("Only eat foods beginning with letters in the first half of the alphabet and only on days of the month that are divisible by three!"). Instead, we wanted to compile the folklore and wisdom of women who care about their weight. We decided to talk to as many people as possible, starting with experts. Then, we would move on to those who really know something about losing weight: people Who've Done It. We held a series of lunches--we dubbed them The Skinny Lunches--with our friends and their friends and their
friends to trade secrets, tips, and strategies we'd all picked up in the field.
We weren't looking for magic (though it would have been nice). After all, weighing less is basically a function of eating less and exercising more (as the diet books say); but that
is not so easy to achieve (as the diet books forget to mention). Over the years, we had developed our own methods to psyche ourselves into losing weight, or at least not gaining. We perfected the "Make It Look Big" technique of preparing a small amount of food to make it look bulkier. We brush our teeth soon after dinner to prevent late-night snacking. When traveling, we call ahead to the hotel and request a room without a minibar. We hoped to collect many more tricks like these.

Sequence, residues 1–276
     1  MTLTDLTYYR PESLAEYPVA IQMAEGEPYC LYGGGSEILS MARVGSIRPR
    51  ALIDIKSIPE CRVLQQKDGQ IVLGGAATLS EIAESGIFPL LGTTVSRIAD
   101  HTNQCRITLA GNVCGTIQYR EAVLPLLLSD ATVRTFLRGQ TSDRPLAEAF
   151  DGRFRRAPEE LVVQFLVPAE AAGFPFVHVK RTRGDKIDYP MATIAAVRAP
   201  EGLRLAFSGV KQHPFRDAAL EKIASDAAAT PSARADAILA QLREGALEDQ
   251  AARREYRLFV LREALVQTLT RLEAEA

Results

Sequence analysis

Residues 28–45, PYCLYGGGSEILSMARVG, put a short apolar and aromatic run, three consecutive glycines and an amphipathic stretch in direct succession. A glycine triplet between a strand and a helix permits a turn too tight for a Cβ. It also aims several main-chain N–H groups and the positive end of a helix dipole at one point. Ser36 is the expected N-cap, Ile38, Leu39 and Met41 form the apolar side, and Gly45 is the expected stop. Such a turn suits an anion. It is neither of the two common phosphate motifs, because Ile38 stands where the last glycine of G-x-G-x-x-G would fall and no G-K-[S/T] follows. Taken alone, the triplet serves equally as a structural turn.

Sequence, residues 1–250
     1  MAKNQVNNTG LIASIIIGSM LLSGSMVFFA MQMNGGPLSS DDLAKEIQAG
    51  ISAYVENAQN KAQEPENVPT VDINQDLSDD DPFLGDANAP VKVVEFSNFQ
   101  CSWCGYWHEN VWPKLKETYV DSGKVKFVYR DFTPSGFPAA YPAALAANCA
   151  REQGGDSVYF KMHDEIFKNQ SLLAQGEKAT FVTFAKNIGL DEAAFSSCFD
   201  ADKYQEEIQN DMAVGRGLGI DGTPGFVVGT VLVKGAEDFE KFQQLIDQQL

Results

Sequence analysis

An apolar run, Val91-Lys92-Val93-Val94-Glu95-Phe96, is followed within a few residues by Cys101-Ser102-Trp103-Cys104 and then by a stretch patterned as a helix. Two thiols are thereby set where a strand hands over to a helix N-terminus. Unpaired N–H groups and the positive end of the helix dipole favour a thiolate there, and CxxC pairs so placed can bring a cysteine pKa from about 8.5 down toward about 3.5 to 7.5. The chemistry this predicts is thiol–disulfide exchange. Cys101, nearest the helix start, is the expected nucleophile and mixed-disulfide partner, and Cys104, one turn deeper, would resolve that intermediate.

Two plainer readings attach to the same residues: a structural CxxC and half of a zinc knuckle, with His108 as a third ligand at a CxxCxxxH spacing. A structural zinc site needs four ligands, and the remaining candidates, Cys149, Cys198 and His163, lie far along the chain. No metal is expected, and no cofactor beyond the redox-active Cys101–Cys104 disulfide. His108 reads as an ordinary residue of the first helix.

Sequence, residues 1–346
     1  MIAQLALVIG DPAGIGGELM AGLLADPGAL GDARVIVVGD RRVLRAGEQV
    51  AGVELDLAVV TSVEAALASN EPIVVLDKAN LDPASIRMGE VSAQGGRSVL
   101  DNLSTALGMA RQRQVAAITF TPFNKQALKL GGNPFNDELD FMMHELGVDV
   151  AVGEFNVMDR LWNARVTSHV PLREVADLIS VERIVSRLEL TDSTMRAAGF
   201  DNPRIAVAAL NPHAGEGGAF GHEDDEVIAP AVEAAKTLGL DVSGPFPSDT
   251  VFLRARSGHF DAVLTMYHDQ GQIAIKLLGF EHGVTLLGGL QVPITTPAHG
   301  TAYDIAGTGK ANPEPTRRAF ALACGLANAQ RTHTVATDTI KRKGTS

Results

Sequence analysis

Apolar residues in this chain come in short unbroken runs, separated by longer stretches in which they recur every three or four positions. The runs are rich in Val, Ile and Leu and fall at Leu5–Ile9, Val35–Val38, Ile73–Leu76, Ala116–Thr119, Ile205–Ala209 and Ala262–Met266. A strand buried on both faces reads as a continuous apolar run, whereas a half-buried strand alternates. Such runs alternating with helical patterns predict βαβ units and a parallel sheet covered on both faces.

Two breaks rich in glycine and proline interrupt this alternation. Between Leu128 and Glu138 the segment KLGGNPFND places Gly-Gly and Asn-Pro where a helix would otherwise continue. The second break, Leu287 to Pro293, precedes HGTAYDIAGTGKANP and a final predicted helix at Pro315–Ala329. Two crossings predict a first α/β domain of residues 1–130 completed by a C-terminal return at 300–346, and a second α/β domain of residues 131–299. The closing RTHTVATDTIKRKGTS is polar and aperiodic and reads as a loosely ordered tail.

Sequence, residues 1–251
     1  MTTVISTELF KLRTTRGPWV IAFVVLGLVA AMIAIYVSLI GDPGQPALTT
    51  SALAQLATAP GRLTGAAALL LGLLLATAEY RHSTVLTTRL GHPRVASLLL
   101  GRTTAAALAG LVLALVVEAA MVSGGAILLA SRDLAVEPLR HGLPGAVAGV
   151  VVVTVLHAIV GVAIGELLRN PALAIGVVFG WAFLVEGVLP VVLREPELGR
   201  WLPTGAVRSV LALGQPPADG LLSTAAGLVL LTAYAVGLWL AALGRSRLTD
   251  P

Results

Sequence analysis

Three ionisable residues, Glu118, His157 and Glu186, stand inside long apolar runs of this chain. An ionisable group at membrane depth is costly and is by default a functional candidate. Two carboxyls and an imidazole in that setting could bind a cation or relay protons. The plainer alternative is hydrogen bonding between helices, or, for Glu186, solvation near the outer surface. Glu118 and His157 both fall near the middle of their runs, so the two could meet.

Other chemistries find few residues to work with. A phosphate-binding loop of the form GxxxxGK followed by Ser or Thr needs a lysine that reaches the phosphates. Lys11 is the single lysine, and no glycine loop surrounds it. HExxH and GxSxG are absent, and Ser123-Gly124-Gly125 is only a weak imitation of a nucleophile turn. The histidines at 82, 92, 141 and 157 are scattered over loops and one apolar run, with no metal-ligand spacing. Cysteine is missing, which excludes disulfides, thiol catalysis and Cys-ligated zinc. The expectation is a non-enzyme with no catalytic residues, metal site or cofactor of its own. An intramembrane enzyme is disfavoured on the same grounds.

We wanted to find out what really works, not what diet books tell you works. Those books, written by doctors, nutritionists, biochemists, and diet gurus seemed full of scientific theories that contradicted each other. Protein was the key to weight loss one day, glucose the next day, brown fat after that. We were also bored by magazine diets that rehashed the obvious: "Take the stairs instead of the elevator." "Drink eight glasses of water a day." "Try to cut back on fats." We already knew not to consume lard. We were seeking answers to more advanced questions. Tight jeans or loose jeans? Breakfast or not? Should you weigh yourself? How many pounds can you lose by breaking up with a boyfriend?